Hello, fellow members – and a warm welcome to the final newsletter of 2019 after a very damp autumn that’s hardly been great for those of us wanting to get out and watch birds on a regular basis. Let’s hope the winter brings drier, brighter and crisper conditions.
In the articles that follow you can read the regular ‘reservoir report’ which outlines the more exciting sightings around Carsington Water, including a Manx Shearwater, Long-tailed Skua, Arctic Skuas, a long-staying Slavonian Grebe and the now-traditional arrival of a Great Northern Diver (albeit a juvenile, so maybe we’ll have two overwintering this time).
We also review the highlights of our recent events programme – the initial illustrated talks that have, as usual, been excellent – and our most recent club trip, to Burton Mere in Cheshire. And, as we move towards Christmas, with its upturn in festive activities, we’ve included in ‘What’s On’ not just the main CBC dates, but also a few of those events being staged by Severn Trent Water, Derbyshire Wildlife Trust and New Leaf Catering that may tempt you out over the winter.
It’s encouraging to report that our membership is still holding fairly steady and we have, in fact, had a number of new members in recent months, so can I please welcome June Hatton, Dave Horsley, Leslie Beeston and Mr & Mrs Donald Shadbolt to the CBC fold. Enjoy!
SCARCE SEABIRDS VISIT, A SLAVONIAN DELIGHTS AND A DIFFERENT DIVER RETURNS
The chief species highlights of this autumn have centred on long-haul seabirds, possibly the most surprising being the first ever Carsington record of a Long-tailed Skua, though the Manx Shearwater found on the morning of 21 October – only the fifth record for the site – came a close second. This particular individual was lucky to escape the attentions of a predatory Peregrine later in the day.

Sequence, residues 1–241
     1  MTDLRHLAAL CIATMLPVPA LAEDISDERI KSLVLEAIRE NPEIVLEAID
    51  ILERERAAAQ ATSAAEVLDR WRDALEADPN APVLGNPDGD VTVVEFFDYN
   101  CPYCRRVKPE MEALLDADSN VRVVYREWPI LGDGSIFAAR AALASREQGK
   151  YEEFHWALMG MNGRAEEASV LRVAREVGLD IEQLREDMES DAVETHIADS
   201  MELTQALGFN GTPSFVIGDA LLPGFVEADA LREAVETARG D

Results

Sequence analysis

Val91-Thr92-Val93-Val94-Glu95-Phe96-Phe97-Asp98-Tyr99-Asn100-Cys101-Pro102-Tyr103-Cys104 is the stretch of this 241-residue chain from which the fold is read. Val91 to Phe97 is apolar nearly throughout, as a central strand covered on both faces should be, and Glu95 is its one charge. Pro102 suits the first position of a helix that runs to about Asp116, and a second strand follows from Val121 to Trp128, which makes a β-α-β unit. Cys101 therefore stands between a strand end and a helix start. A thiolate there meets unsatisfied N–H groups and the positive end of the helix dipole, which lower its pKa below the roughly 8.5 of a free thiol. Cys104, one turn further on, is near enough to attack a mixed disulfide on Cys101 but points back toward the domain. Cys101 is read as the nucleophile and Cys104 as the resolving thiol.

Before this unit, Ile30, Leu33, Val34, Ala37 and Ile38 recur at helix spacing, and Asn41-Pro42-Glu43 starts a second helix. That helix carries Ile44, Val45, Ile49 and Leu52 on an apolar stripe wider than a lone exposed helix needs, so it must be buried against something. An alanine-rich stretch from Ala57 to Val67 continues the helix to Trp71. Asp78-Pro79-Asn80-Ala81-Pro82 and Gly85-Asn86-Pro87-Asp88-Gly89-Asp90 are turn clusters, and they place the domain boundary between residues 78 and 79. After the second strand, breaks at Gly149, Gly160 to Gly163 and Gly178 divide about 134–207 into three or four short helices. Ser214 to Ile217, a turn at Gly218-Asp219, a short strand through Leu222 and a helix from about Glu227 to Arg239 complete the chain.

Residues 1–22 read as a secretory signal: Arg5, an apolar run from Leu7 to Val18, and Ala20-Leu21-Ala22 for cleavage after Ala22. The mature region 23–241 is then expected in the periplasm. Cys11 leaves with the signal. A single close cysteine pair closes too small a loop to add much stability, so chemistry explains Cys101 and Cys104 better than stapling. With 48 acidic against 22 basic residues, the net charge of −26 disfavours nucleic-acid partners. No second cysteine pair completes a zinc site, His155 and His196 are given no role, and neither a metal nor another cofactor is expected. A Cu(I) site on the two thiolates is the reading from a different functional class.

The skua was spotted on 7 October in very poor conditions and was, at first, considered to be an Arctic (two of which had been seen the previous month) but closer examination of photographs showed it to be a Long-tailed Skua – reward for the perseverance of hardy observers who go out in all weather states.
Just three days earlier a most obliging Slavonian Grebe had arrived and remained for more than three weeks, affording plenty of very close views to visiting birders. Then we had the traditional early arrival of the Great Northern Diver on 2 November – though this one was a juvenile; it has been mobile around the reservoir and is still around at the time of going to press.
The 73 Mute Swans seen in August was a site record, as was the 47 Ravens – all but one in a huge single flock – counted on 5 October. Seventy-six Cormorants during August was one of the bigger counts of this species. Meanwhile, 40 Whooper Swans joined the shearwater on 21 October.
Winter ducks have been arriving in good numbers and variety, including Goosander, Goldeneye and, in September, a scarce visit by a female Red-breasted Merganser. Pochard seem to be having a good year, with 299 counted on 15 November. Coot numbers have risen to 750, and 65 Teal and 50 Wigeon were recorded on 22 October.